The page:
Modifying the CC licenses

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CC policy

CC recognizes that we cannot control or prohibit separate agreements or understandings outside of CC's standard license terms. After all, CC is not a party to the license – it is an agreement between the licensor and licensee. We can, however, insist that CC trademarks not be used in connection with separate agreements, understandings, and interpretations that create ambiguity and inconsistency with CC's standard license terms.

CC has the following guidelines for modifying or supplementing its licenses:

  1. If you make a change to the legal terms of any CC license, you may no longer call it a Creative Commons or CC license.
  2. If you place an extra contractual restriction on use of the licensed work that has the effect of limiting or further conditioning the permissions granted to the public under the standard CC license, you may not use the CC trademarks (including the Creative Commons name) in connection with your license. (These extra contractual restrictions often appear in terms of use on websites where CC-licensed content is hosted, or as part of terms for downloading CC-licensed content.)

  • Example of impermissible extra restriction: You may not impose terms of use that prohibit downloading the licensed work or terms of use that are designed to explain how the license works in a way that contradicts the plain meaning of the standard CC terms, such as dictating that the definition of NonCommercial hinges on the type of reuser as opposed to the type of use.
It is permissible, however, to have separate trademark guidelines that dictate how your logo or other trademark may be used in connection with the CC-licensed work. It is also permissible to impose website terms of use that restrict access to the website by minors pursuant to applicable law.
  • Example of impermissible extra restriction: You may not impose terms of use that prohibit sharing of the CC-licensed work in certain formats.
It is permissible, however, to distribute the work in a format that is not easily shared or to put content behind a paywall.
  • Example of impermissible extra restriction: You may not use website terms of use to impose attribution requirements that are more elaborate than those found in the standard CC terms.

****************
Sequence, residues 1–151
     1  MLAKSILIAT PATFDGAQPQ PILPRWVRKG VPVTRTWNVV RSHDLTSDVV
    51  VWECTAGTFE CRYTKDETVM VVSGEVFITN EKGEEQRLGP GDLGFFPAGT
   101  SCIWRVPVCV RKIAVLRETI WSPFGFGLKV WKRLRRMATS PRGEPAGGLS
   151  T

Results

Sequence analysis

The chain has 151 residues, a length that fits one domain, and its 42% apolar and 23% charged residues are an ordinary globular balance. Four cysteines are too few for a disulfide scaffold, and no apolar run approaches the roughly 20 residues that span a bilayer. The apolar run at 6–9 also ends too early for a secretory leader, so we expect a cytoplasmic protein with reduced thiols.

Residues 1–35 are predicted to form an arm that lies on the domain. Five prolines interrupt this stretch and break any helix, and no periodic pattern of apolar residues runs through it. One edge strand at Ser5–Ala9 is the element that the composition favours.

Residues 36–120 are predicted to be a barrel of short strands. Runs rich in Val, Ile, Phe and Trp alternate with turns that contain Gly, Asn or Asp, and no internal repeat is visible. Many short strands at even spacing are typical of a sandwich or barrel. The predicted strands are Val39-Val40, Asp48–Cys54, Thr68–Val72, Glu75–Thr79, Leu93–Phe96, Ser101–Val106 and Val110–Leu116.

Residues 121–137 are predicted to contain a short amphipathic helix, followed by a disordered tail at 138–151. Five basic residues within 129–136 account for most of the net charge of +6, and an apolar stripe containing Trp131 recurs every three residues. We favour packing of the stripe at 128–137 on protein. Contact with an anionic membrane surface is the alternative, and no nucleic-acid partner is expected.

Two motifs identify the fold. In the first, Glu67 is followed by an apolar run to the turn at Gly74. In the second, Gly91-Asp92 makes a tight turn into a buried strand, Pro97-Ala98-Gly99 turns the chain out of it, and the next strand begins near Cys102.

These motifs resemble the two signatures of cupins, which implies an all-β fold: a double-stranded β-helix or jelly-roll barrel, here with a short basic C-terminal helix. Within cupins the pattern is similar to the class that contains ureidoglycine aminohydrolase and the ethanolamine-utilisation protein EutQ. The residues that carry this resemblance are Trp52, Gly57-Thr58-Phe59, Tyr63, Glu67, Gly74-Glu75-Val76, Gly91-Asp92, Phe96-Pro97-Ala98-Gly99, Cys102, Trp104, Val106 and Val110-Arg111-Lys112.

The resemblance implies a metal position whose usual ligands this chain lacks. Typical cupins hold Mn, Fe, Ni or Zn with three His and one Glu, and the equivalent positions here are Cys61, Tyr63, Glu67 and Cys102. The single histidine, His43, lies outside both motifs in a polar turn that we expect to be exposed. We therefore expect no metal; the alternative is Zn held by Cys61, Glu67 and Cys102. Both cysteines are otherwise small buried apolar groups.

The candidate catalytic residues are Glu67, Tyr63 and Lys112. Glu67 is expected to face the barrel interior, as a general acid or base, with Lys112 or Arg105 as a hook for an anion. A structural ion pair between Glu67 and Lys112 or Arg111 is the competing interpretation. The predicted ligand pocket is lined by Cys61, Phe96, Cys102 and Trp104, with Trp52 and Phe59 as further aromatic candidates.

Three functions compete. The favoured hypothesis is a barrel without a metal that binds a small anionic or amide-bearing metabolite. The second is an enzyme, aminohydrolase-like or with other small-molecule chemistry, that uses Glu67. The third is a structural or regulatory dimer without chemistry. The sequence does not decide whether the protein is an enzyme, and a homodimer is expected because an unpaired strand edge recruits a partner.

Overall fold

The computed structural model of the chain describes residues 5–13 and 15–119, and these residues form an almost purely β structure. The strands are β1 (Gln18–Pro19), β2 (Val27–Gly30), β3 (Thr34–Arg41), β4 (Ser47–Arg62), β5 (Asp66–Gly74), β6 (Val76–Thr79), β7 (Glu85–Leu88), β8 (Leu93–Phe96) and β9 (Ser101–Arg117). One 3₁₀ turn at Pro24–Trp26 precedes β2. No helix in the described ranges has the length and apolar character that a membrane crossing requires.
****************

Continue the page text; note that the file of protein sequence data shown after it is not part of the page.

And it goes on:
It is permissible, however, to impose terms of use that have the effect of increasing (or removing the conditions on) the permissions granted to the public under the standard terms, such as waiving the attribution condition or allowing translations of an ND-licensed work (see CC+)

CC does recognize that providing clarification, as opposed to modification, can make sense intuitively, and is arguably useful in a few limited circumstances, but only when doing so:

  • is consistent with, and not contrary to, the terms of the CC license, and does not alter the usage permissions or alter the conditions imposed by the CC license
  • does not require a particular class of users to contact the licensor in advance for permissions the CC license has already granted to all users
  • does not otherwise increase transaction costs for any potential class of licensee

Rationale for the CC policy: ‘‘the beauty of standardization’’

The above guidelines are designed to preserve the underlying principles and benefits of public licensing for licensors and licensees, by reducing conflicts and confusion that may ensue. One of the fundamental design principles of CC licensing is granting permission to the public in advance, thereby reducing transaction costs and facilitating reuse. CC licenses achieve this result through terms and conditions that are ‘’standard,’’ meaning the same terms and conditions apply for all content licensed under a particular CC license. The result is reduced friction for creators who want to allow certain reuses without negotiating and granting lots of individual permissions, and for reusers who want to make use the licensed content with minimal hassle.